Re: Canadian Coal - depositional setting

From: bivalve <bivalve@mail.davidson.alumlink.com>
Date: Wed Jan 28 2004 - 11:43:58 EST

>I would expect bioturbation by critters unless this is an oxygen-deficient environment...Are modern drowned swamps oxygen deficient?<

Yes; otherwise the plant material generally decays and there would be no coal. This is also a reason why roots are generally not very deep in swampy habitats-roots need oxygen. Therefore, you would expect to see a lot of roots going relatively horizontal or even back up rather than a lot of deep roots.

>If the swamp does reestablish, I assume we are past the shrub phase and trees will resume growing.<

If it re-establishes, it will probably be starting over. Back to the small plant stage.

>You admit that "there are no river channels cutting the basal coal" in the area most likely to see them - "the intensively explored and mined area."<

Although channels would be easiest to see there, it's likely that intensively explored and mined areas are not a random sample. Rather, they tend to coincide with the areas that seem (or seam?) to have the thickest coal. I'm not sure that channels are especially expected to cut through the coal; there should be channels inland from the swamp, but not necessarily going through it.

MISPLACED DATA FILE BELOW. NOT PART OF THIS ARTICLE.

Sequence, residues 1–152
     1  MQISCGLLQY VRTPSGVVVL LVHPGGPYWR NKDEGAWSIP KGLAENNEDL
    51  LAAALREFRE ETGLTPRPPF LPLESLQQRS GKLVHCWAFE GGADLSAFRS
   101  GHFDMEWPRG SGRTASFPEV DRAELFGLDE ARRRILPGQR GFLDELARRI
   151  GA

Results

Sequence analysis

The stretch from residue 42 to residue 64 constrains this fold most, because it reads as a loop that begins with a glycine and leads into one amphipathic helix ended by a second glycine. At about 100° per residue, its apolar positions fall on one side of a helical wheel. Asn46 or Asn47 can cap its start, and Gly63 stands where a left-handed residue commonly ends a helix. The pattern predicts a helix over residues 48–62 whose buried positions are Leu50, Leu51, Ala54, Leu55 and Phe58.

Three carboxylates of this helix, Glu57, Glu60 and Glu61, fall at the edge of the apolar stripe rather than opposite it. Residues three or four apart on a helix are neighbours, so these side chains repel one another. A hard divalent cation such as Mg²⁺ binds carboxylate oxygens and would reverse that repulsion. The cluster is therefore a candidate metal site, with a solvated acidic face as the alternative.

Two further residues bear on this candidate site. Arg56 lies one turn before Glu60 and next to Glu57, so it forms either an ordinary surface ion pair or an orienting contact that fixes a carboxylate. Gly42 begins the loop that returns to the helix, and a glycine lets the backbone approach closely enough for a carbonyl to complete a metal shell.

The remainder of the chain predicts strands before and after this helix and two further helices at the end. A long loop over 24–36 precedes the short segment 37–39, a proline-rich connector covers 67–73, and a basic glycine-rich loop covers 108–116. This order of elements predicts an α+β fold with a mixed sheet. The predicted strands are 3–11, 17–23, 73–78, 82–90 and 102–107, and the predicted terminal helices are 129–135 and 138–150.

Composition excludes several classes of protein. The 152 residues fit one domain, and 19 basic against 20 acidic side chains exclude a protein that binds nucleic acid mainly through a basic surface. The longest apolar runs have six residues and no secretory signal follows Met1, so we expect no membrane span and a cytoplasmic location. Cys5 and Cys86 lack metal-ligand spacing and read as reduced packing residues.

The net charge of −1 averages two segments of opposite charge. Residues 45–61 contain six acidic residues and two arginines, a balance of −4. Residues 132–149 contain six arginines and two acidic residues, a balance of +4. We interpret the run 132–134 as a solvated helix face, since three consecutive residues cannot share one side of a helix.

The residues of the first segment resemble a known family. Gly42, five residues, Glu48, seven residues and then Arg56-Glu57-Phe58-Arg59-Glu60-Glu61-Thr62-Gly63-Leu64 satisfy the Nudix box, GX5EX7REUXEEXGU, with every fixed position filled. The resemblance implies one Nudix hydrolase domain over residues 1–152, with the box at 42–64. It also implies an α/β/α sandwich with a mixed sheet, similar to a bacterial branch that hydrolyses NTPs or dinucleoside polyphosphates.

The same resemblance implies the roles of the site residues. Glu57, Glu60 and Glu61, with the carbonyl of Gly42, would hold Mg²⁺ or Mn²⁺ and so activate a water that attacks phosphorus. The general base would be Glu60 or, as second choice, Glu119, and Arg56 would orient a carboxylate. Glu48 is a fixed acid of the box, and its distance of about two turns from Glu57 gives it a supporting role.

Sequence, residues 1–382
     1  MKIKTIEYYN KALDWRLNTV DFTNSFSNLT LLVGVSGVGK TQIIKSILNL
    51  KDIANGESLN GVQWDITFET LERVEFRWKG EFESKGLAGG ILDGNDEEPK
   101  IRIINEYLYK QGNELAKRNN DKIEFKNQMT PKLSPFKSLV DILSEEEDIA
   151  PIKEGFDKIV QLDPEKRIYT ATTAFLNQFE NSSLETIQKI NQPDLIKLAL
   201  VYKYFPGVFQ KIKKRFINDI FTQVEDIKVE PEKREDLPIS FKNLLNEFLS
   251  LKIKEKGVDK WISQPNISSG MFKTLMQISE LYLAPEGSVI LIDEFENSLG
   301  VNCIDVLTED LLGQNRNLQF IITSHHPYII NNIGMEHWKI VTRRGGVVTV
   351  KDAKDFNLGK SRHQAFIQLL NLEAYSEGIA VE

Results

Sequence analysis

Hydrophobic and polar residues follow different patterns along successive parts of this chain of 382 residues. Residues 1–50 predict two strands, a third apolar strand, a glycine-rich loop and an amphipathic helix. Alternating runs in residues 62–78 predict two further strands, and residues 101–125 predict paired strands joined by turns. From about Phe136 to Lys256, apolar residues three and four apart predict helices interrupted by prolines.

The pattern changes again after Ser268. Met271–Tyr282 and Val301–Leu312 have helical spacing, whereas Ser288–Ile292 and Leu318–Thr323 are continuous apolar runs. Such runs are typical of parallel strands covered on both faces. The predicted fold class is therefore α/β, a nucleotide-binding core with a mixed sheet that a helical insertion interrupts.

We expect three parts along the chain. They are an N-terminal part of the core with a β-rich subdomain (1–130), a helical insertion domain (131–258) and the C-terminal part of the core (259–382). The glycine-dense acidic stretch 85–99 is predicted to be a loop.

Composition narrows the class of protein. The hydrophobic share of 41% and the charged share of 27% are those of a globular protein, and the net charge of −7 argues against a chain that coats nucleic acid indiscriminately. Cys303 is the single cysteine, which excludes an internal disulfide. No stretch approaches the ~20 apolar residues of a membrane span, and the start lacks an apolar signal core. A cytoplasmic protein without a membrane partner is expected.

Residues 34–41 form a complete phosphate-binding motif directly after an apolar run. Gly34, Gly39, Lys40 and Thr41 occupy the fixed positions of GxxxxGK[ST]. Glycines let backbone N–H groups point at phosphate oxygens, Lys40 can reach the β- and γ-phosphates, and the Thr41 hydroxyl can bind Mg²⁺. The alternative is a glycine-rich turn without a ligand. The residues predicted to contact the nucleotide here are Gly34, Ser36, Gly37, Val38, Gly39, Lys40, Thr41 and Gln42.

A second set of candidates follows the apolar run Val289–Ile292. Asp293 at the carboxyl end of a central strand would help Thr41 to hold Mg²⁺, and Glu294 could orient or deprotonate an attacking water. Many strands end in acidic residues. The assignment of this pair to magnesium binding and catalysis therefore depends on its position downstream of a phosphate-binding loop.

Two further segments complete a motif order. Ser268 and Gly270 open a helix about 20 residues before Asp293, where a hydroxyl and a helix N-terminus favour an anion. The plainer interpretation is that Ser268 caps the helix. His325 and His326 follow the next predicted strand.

Dr. David Campbell
    Old Seashells
    University of Alabama
    Biodiversity & Systematics
    Dept. Biological Sciences
    Box 870345
    Tuscaloosa, AL 35487-0345 USA
    bivalve@mail.davidson.alumlink.com

That is Uncle Joe, taken in the masonic regalia of a Grand Exalted Periwinkle of the Mystic Order of Whelks-P.G. Wodehouse, Romance at Droitgate Spa
                 
Received on Wed Jan 28 11:44:26 2004

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